Switching to all HDTV feed takes bandwidth that may not be available. Every 10 SD channels you remove only frees enough bandwidth for 2-3 HD channels. Beyond the bandwidth issues, contracts have to renegotiated and more money paid to content owners.

Switching to IPTV and/or mpeg4 may run into problems with FCC regulations concerning Cablecard devices. TWC, Cox, and Charter ran into such issues when they rolled out SDV, TV Everywhere, and/or mpeg4, some are still in court.

Really I think Verizon is sitting on their hands waiting for the industry as a whole to decide on expansion plans, be it IPTV (by way of TV Everywhere), mpeg4, or something else. Broadcasters are dragging their feet on allowing their channels to be distributed on IPTV. FCC and the CEA is uncommitted on the CableCARD replacements.

[edit] For those saying move to 1080p/24, most boxes including HD boxes can't handle that format. Most boxes not made in the last 2 years wouldn't work. Plus, SD boxes can't even handle any HD video. Besides, most broadcasters aren't distributing in that format so Verizon would have to muck with the video stream even more.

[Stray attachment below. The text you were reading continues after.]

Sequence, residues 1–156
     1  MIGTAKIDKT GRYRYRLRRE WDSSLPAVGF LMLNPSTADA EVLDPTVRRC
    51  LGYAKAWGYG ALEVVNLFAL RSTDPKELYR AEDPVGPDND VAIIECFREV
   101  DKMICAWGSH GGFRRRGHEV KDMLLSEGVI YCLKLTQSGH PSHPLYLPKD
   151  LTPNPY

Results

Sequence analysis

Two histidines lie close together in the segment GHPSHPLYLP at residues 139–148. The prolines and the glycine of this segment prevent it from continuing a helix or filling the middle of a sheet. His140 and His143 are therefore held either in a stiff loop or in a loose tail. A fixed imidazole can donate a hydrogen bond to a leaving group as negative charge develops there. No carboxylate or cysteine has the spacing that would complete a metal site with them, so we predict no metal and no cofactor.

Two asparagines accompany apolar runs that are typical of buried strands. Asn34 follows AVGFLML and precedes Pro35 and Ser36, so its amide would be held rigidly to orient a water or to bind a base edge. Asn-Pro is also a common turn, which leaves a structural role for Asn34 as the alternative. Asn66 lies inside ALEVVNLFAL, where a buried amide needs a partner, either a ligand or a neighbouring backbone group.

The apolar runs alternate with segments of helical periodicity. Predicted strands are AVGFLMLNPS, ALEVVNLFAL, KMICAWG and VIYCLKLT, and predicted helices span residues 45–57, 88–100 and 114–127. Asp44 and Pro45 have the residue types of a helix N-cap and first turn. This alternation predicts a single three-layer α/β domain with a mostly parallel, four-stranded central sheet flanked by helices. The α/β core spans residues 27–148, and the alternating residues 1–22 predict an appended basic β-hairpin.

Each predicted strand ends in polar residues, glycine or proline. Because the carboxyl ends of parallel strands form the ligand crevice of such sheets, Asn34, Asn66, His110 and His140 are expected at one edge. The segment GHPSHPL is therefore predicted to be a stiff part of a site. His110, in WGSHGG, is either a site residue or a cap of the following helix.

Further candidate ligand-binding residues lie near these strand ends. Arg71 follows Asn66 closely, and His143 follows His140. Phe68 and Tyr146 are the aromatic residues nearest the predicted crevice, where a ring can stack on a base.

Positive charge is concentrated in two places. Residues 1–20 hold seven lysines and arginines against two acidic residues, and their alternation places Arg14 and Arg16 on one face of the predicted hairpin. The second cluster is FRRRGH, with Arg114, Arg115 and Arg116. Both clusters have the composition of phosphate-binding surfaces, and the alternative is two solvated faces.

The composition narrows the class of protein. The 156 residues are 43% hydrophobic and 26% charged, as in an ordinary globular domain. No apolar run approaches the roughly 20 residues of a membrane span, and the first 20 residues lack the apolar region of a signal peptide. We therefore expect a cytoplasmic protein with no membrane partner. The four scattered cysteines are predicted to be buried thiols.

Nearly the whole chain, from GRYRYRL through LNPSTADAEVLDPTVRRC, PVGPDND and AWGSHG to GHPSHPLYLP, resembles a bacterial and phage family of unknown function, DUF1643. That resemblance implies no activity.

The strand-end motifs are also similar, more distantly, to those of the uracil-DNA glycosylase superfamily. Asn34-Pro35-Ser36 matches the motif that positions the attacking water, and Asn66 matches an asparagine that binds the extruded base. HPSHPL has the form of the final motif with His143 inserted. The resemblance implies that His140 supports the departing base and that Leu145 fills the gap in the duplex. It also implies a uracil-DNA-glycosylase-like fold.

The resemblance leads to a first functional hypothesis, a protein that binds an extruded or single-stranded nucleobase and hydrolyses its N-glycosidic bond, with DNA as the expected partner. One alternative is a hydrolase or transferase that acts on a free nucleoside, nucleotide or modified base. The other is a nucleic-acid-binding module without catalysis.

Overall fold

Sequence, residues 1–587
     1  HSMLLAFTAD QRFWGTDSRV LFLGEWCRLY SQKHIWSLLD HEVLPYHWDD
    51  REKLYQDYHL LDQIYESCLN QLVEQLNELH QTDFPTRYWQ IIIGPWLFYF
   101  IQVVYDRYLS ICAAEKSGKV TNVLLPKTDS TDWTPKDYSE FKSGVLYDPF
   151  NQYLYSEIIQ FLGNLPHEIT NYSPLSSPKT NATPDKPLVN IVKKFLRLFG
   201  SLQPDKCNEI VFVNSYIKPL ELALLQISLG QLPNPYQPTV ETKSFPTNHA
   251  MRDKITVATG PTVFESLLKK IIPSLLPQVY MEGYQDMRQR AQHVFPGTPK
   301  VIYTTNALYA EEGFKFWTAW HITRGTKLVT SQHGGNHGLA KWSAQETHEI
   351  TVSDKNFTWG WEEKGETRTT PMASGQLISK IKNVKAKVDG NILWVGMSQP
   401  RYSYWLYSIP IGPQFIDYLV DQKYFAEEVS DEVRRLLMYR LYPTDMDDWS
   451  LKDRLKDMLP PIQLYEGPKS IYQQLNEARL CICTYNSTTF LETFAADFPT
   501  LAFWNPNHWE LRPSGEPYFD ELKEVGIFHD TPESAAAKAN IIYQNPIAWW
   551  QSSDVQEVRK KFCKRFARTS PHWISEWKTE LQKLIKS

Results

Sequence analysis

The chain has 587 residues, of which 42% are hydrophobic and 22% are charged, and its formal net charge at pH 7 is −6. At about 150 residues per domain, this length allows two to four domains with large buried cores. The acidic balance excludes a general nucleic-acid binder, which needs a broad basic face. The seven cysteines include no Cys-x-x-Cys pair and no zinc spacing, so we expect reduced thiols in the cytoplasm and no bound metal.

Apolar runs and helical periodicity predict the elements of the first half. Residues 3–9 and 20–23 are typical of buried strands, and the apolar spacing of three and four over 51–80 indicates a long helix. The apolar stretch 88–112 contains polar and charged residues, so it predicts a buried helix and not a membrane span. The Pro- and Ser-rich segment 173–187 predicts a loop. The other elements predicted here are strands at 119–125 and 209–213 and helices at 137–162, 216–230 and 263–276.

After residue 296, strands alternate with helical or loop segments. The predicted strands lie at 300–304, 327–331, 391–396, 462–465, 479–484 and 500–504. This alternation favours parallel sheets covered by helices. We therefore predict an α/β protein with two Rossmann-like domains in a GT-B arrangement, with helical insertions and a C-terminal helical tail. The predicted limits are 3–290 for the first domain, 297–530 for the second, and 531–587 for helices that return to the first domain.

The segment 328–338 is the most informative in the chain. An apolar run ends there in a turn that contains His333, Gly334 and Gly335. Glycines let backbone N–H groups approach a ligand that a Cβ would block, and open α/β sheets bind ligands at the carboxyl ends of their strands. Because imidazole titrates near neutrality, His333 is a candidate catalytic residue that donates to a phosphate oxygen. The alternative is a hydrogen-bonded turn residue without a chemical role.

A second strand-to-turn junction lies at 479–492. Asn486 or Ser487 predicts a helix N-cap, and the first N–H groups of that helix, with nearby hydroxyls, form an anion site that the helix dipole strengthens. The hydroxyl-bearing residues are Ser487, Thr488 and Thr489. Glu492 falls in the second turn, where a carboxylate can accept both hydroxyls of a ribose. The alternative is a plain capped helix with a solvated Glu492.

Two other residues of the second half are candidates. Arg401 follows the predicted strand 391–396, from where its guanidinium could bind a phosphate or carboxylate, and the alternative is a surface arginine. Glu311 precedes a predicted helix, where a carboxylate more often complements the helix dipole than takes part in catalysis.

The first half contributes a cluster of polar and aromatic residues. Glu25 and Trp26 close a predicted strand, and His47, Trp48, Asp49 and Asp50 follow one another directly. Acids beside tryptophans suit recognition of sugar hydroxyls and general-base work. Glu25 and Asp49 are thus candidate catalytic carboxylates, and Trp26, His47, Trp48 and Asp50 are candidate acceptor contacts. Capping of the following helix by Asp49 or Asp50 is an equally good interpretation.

--
Two is one, one is none. If it's important, back it up... twice. Even 99.999% availability isn't enough sometimes.



Jonhern3169

@verizon.net
reply to DrDrew

They really don't need unlimited funds. Have not had an SD box for about four years, but i think they were able to show the hd feeds letter boxed, and if that is an issue I am sure it wont be hard to have the box pan scan to fit fully on an SDTV. And if not, there are a lot less SD boxes out there than the 6XXX boxes that cant do mpeg4, so just switch them out with hd boxes. Either way, they get rid of all the sd channels that have HD feeds, and you could save a lot of space. Plus you can move all the channels to their normal places, so you don't have the issue of people watching channel 10 instead of 510 when they have an hd tv. My mother and sisters always do that lol, having just one version of the channel will fix that issue.

I also remember reading on cnet that it would be smart for cable companies to actually switch to 1080p/24 as its less bandwidth than 1080i/60. for tvs that can't handle it the box can just convert it like it does now since it does not have pass through, it converst any 720p to 1080i or vice versa.



Webcobbler

@verizon.net
reply to jonhern